Barshong to Dolam Kench
Walking towards the Thimphu Chu, we come across the forest thickened with birch, rhododendrons and conifers. After meeting with Thimphu Chu, we move towards along the left side of the river lifting ourselves into ridges and down ravines to the point where many water channels intersect with the river. The trail comes to an end with us standing witness to the superlative cliffs above Thimphu Chu. Making our way through the pasture-land, we reach Dolam Kench where we are picked up by our vehicle which brings us back to Thimpu.
Sight-Seeing at Thimphy
Cheri Goemba and The Choki School of Arts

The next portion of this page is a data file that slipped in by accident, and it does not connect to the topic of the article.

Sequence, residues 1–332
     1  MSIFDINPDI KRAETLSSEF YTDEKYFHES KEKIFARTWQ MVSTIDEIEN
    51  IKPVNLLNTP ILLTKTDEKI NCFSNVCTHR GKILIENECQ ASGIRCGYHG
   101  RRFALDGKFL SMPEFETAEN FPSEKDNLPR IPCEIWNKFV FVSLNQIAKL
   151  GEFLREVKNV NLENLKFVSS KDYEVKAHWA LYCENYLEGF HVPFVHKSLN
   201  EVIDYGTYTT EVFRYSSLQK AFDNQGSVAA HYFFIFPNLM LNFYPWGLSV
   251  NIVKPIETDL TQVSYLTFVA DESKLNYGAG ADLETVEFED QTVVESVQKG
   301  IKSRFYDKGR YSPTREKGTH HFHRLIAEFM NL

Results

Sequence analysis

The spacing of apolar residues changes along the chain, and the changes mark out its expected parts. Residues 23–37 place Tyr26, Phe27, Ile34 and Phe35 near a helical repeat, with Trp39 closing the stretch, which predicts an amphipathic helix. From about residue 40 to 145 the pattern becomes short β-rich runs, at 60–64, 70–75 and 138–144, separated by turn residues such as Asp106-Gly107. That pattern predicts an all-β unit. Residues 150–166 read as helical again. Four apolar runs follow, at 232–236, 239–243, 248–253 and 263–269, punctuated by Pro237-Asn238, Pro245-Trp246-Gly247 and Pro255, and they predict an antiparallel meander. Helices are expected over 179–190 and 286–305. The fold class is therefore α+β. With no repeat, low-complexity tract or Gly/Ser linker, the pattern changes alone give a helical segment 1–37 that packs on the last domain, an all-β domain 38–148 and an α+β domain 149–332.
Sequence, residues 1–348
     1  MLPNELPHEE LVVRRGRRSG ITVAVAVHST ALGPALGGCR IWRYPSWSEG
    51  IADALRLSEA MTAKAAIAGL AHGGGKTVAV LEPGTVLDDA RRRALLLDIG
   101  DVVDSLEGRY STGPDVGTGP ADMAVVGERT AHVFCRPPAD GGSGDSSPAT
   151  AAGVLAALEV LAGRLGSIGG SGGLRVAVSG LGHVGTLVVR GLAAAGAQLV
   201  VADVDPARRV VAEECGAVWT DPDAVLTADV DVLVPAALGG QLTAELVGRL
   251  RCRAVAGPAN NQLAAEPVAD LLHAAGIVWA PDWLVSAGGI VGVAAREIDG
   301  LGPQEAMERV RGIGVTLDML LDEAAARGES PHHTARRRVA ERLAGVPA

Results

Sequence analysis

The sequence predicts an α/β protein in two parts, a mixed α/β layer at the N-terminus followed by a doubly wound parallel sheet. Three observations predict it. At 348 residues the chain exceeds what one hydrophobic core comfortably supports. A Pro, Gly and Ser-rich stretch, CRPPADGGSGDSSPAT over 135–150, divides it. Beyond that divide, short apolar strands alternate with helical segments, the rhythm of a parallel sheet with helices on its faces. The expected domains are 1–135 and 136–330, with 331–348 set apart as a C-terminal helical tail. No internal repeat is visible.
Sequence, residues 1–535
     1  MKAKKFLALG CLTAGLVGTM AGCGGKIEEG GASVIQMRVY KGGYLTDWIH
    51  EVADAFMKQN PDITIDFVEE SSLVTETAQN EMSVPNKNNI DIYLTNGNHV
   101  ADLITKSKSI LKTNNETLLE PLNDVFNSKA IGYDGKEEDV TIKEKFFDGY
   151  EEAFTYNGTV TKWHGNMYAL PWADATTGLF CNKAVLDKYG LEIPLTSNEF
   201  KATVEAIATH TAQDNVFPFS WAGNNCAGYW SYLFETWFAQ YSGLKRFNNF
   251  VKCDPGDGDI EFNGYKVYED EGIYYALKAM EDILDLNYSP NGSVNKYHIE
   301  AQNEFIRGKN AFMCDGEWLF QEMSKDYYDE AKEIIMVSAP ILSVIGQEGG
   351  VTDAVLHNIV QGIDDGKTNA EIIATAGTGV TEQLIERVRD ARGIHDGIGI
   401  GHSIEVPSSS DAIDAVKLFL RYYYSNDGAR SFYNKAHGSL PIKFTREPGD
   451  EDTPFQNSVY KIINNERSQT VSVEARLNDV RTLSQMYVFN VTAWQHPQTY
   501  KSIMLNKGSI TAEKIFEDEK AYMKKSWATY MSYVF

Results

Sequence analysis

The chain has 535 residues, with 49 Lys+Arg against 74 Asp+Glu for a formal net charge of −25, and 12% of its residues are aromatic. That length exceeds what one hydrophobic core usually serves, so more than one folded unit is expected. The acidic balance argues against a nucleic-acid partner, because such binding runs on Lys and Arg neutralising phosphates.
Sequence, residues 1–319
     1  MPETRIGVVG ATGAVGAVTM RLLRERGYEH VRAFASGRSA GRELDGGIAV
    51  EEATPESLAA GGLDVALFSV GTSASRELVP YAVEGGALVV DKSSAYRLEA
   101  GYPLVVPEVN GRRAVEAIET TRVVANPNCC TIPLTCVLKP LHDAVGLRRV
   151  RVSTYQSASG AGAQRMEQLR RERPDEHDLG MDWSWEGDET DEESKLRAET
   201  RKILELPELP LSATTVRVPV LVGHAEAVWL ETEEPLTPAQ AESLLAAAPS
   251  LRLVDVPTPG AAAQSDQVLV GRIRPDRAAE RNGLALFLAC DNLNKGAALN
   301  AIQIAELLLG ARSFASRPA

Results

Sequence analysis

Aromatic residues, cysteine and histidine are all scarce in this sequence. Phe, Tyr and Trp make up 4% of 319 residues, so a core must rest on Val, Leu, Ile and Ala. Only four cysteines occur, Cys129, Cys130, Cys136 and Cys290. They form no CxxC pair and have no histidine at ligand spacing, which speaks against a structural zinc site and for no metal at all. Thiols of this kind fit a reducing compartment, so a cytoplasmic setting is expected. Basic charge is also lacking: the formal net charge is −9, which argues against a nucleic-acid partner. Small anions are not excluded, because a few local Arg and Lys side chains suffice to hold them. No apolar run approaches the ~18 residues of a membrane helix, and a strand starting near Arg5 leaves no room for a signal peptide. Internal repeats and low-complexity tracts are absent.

Wheeling on our vehicle through the green-filled countryside of Thimphu brings us face-to-face with the king of fauna and avian world: Jigme Dorji Wildlife Sanctuary, the largest protected region in the nation. Residence to diverse endangered species like snow leopard, red panda, takin, the Himalayan black bear and blue sheep, over 300 species of birds take abode in the park. Beginning with our walk from the cozy village of Dodena, we cross over the sheltered bridge over Wand Chu and hike towards Cheri Goemba, a monastery balanced on the hill with a panoramic view of Thimphu Valley. This monastery was constructed in 1620 under the reign of Shabdrung Ngawang Namgyal and became the first home to community of monks in Bhutan. Containing the ashes of Tempi Nima, the monastery is revered for its sacredness. Tempi Nima was the father of first Shabdrung of Bhutan. The monastery also dons phenomenal paintings and murals of Buddhist saints. Following the visit to monastery, we move down on the same trail, while watching out for goral (wild goat) which often wanders the cliffs. After reaching Dodena, we move along the river-side route through Begana to Cabesa. Cabesa is home to the Choki School of Arts. A pioneer in their field, Choki School is a private organization that provides free and skill-related education in the genre of traditional Bhutanese crafts and arts to native children who have been unable to finish their formal education. After our visit to the school, we continue on our river-side route through petite rural village before we return to Thimphu. An connoisseur from Thimphu will join us preceding dinner to accustom us with the culture of the region.